Pakistan's military has ordered its forces to open fire if U.S. troops launch another air or ground raid across the Afghan border, an army spokesman said Tuesday.
The orders, which come in response to a highly unusual Sept. 3 ground attack by U.S. commandos, are certain to heighten tensions between Washington and a key ally against terrorism. Although the ground attack was rare, there have been repeated reports of U.S. drone aircraft striking militant targets, most recently on Sept. 12.
However, the Pentagon said Islamabad will "correct the record" the volatile statement.
Spokesman Bryan Whitman said Pakistan is an ally in the global war on terror, adding that the U.S. enjoys "good cooperation with Pakistan along the border."
Pakistani officials warn that stepped-up cross-border raids will accomplish little while fueling violent religious extremism in nuclear-armed Pakistan. Some complain that the country is a scapegoat for the failure to stabilize Afghanistan.
Pakistan's civilian leaders, who have taken a hard line against Islamic militants since forcing Pervez Musharraf to resign as president last month, have insisted that Pakistan must resolve the dispute with Washington through diplomatic channels.
However, army spokesman Maj. Gen. Athar Abbas told The Associated Press that after U.S. helicopters ferried troops into a militant stronghold in the South Waziristan tribal region, the military told field commanders to prevent any similar raids.
"The orders are clear," Abbas said in an interview. "In case it happens again in this form, that there is a very significant detection, which is very definite, no ambiguity, across the border, on ground or in the air: open fire."
U.S. military commanders accuse Islamabad of doing too little to prevent the Taliban and other militant groups from recruiting, training and resupplying in Pakistan's wild tribal belt.
Pakistan acknowledges the presence of al Qaeda fugitives and its difficulties in preventing militants from seeping through the mountainous border into Afghanistan.
However, it insists it is doing what it can and paying a heavy price, pointing to its deployment of more then 100,000 troops in its increasingly restive northwest and a wave of suicide bombings across the country.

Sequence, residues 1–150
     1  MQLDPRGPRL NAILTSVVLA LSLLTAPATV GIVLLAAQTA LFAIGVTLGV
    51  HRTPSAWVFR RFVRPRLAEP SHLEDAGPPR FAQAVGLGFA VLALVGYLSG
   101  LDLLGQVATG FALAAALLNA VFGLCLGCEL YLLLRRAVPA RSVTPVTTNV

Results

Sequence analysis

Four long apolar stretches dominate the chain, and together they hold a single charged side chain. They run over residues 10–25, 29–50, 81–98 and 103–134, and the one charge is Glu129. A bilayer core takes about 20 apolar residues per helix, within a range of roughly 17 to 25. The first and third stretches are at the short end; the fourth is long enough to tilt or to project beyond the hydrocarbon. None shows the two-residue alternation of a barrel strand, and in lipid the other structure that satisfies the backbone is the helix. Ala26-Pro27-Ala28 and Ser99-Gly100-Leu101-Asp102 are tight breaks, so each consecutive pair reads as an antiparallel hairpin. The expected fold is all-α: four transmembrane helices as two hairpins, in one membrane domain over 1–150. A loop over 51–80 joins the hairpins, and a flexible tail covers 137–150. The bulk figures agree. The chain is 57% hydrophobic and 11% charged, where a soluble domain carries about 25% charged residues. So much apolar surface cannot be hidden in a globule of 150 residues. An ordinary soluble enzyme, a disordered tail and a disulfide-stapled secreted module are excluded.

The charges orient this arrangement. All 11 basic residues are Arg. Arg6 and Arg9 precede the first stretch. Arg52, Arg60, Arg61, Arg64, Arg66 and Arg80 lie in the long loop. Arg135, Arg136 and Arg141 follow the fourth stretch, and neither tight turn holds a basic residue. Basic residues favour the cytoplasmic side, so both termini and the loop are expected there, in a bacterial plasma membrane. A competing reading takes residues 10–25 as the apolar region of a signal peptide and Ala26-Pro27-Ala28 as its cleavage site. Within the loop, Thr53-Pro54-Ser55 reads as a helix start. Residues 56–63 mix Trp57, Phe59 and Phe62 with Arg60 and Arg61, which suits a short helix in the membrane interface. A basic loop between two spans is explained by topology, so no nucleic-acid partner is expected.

After talks Tuesday with British officials in London, Pakistani President Asif Ali Zardari said he did not "think there will be any more" cross-border raids by the U.S. He declined to comment on the order to use lethal force against American troops.
Instead, he and British Prime Minister Gordon Brown issued a joint statement saying Afghanistan and Pakistan should lead the efforts to battle border militancy. The joint statement left out any mention of the United States.
American officials have confirmed their forces carried out the Sept. 3 raid near the town of Angoor Ada but given few details of what happened.
Abbas said that Pakistan's military had asked for an explanation but received only a "half-page" of "very vague" information that failed to identify the intended target.
Pakistani officials have said the raid killed about 15 people, and Abbas said they all appeared to be civilians.
"These were truck drivers, local traders and their families," he said.
How to reverse a surge in Taliban violence in Afghanistan has become a major issue in the U.S. presidential campaign and refocused attention on the porous border with Pakistan.
Pakistan's military has won American praise for a six-week offensive against militants in the Bajur tribal region that officials here say has killed 700 suspected insurgents and about 40 troops. Troops backed by warplanes killed eight more alleged militants Tuesday, officials said.
In the same timeframe, there has been a surge in missile strikes apparently carried out by unmanned U.S. drones. Such attacks killed at least two senior al Qaeda commanders earlier this year.
Abbas did not say when exactly the orders for Pakistani troops to open fire to prevent cross-border raids by U.S. troops were issued. He wouldn't discuss whether Gen. Ashfaq Parvez Kayani, who replaced Musharraf as army chief last year, personally took the decision or if the orders had been discussed with American officials.
The spokesman also played down suggestions that the instructions had been put into practice before dawn on Monday, when U.S. helicopters reportedly landed near Angoor Ada only to fly away after troops fired warning shots.
Abbas insisted no foreign troops had crossed the border and that "trigger-happy tribesmen" had fired the shots. Pakistani troops based nearby fired flares to see what was going on, he said.
The U.S. military in Afghanistan said none of its troops were involved.
In a rare public statement last week, Kayani said Pakistan's sovereignty would be defended "at all cost." Abbas said Pakistani officials had to consider public opinion, which is skeptical of American goals in the region and harbors sympathy for rebels fighting in the name of Islam.
"Please look at the public reaction to this kind of adventure or incursion," Abbas said. "The army is also an extension of the public and you can only satisfy the public when you match your words with your actions."
Meanwhile, U.S. lawmakers are promising close scrutiny of the Bush administration's request to divert hundreds of millions of dollars in anti-terrorism aid to upgrade Pakistan's aging fleet of U.S.-made F-16 fighter planes.
The Bush administration says the upgraded F-16s will allow Pakistan to better conduct precision attacks on terrorists. But the planes have not traditionally been used in anti-terrorism operations. Pakistan sees them as an asset in its arms race against rival India.